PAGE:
Litigation & Dispute Resolution experts Joanne Thompson and William Rees look at the changes to the operation of the Disclosure Pilot Scheme for “less complex claims” below £500,000.
The Disclosure Pilot Scheme: aims and practical impact
Contained within CPR Practice Direction 51U is a disclosure pilot for the Business and Property Courts in England and Wales (the Disclosure Pilot). The Disclosure Pilot applies to High Court proceedings (exceeding £100,000 in value) and came into force on 1 January 2019 and will continue for three years.
The Disclosure Pilot was intended to assist the parties to the dispute and the Court in ensuring that disclosure is directed to the issues in the proceedings and that the scope of disclosure is not wider than is reasonable and proportionate in order to fairly resolve those issues. As such, broadly speaking, the Disclosure Pilot was brought in to focus disclosure in litigation and prevent bad practices such as parties disclosing excessive amounts of documents in order to “bury” their opponent in paper and drive up costs.
In order to achieve its aims, the Disclosure Pilot brought in new obligations to parties to litigation. Such obligations included the “Initial Disclosure” rules which stipulate that each party must provide to all other parties at the same time as its statement of case an Initial Disclosure List of Documents that lists and is accompanied by copies of:
- the key documents on which it has relied; and
- the key documents that are necessary to enable the other parties to understand the claim or defence they have to meet.
The Initial Disclosure process brings forward the exchange of documents from the pre-Disclosure Pilot system where substantive disclosure took place upon disclosure directions occurring after exchange of statements of case.
In addition to Initial Disclosure, under the Disclosure Pilot, the parties are also able to (and regularly do) seek “Extended Disclosure”. Extended Disclosure involves using Disclosure Models (with various models (A) to (E) with varying comprehensiveness) after “Issues for Disclosure” have been identified. To identify the Issues for Disclosure, the parties must seek to agree a list of issues. The parties must complete a “Disclosure Review Document” to identify, discuss and seek to agree the scope of any Extended Disclosure Model sought.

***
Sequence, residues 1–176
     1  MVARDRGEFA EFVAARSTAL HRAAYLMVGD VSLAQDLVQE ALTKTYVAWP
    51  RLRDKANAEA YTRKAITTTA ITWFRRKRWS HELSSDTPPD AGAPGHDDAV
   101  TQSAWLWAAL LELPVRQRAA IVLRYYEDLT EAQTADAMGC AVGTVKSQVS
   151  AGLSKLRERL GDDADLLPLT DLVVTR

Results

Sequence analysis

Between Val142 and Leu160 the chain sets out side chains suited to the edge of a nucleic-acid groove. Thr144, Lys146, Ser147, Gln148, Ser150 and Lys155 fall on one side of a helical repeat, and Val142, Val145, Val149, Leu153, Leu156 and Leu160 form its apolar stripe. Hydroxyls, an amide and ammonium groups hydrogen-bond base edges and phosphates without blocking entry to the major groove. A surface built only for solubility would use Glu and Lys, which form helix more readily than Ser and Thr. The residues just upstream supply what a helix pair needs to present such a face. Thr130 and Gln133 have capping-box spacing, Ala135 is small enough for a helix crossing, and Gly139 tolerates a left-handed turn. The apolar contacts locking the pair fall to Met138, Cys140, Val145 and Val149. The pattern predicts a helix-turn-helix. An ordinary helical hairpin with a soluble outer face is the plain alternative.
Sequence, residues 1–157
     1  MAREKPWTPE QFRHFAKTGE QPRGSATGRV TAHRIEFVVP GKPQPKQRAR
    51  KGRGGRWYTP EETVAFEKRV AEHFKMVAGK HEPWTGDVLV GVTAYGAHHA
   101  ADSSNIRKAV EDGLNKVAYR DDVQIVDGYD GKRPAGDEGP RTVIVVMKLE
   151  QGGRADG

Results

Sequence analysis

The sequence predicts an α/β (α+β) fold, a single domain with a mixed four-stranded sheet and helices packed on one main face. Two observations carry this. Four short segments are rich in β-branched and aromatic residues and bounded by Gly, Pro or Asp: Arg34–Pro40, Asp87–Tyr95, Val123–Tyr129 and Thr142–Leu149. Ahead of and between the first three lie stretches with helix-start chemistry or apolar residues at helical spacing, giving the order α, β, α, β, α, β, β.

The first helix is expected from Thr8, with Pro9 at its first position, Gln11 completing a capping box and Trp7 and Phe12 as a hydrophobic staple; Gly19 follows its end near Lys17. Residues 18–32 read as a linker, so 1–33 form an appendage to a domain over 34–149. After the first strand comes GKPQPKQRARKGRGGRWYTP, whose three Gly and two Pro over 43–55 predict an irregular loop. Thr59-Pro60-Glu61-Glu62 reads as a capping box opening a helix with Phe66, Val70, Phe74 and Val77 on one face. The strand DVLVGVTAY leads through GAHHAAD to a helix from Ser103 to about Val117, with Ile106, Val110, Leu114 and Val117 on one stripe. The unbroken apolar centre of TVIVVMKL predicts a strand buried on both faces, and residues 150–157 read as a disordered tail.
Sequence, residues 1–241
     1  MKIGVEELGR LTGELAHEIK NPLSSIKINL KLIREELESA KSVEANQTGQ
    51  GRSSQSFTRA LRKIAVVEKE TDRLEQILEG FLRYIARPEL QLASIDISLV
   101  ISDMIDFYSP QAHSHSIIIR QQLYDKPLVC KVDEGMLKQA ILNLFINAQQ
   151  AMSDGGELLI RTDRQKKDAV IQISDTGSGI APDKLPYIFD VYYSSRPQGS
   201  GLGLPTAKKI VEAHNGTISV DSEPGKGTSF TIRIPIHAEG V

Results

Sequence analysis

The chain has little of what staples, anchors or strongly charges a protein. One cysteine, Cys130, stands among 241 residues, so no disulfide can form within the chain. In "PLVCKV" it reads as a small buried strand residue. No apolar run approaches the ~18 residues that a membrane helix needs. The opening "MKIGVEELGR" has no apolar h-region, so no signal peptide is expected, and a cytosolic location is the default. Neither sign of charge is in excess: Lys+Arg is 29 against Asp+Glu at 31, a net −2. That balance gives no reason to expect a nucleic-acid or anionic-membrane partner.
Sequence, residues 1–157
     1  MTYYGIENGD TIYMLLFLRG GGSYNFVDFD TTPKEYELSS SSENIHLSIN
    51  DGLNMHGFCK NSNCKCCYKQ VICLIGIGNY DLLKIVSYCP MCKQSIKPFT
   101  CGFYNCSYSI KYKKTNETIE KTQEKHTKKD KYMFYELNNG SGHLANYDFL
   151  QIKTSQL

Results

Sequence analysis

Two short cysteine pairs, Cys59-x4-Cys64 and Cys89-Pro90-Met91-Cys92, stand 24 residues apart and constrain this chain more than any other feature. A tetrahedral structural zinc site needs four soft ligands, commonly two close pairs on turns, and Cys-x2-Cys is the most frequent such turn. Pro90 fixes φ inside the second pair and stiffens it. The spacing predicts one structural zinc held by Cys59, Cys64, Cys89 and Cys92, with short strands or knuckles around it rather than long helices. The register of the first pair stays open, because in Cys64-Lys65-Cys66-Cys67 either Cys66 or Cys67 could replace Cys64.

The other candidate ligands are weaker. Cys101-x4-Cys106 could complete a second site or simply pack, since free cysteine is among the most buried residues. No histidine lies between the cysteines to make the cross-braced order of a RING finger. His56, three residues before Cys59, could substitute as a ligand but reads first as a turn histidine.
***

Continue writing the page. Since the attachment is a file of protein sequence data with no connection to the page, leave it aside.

Issues with the Disclosure Pilot
The Extended Disclosure procedure has led to criticism. Despite the aims of the Disclosure Pilot, a substantial number of practitioners to a survey found that the new provisions “Exacerbated the adversarial environment in the litigation process” – contrary to the aims of the scheme. The List of Issues process and completion of the Disclosure Review Document referenced above are often the cause of issues. The aforementioned problems are normally exacerbated in multi-party matters, where agreeing the documents can be especially difficult.
Remedying the Issues
The Disclosure Working Group, in response to a request from the Chancellor to review the operation of the Disclosure Pilot, in July produced revisions to PD51U (the Revised Pilot). Key changes are listed below:
- The Revised Pilot proposes the creation of a separate regime within the pilot for ‘Less Complex Claims’ applying to claims under £500,000. This regime will seek to simplify the disclosure process in simplifying the (currently problematic) Issues for Disclosure and Disclosure Review Document.
- Multi-party cases will still operate within the spirit of regime set out in the Disclosure Pilot. However, there is now an express recognition that disclosure in multi-party claims is likely to need a bespoke approach from the court, which should assist the parties in reaching practical solutions suitable for the matter at hand.
- Further, the Revised Pilot proposes amendments to the Lists of Issues for disclosure as regards disclosure Models (C) and (D) with a view to making the process of agreeing lists of issues simpler and less contentious and discouraging excess when Model C is used (which is at present an issue).
Practitioners and clients alike can take comfort from the proposals to the Revised Pilot. The proposals to the “Less Complex Claims” regime in particular look encouraging as a more manageable way of dealing with disclosure for practitioners and allowing clients to control costs more effectively.
This article has been co-written by Joanne Thompson and William Rees.
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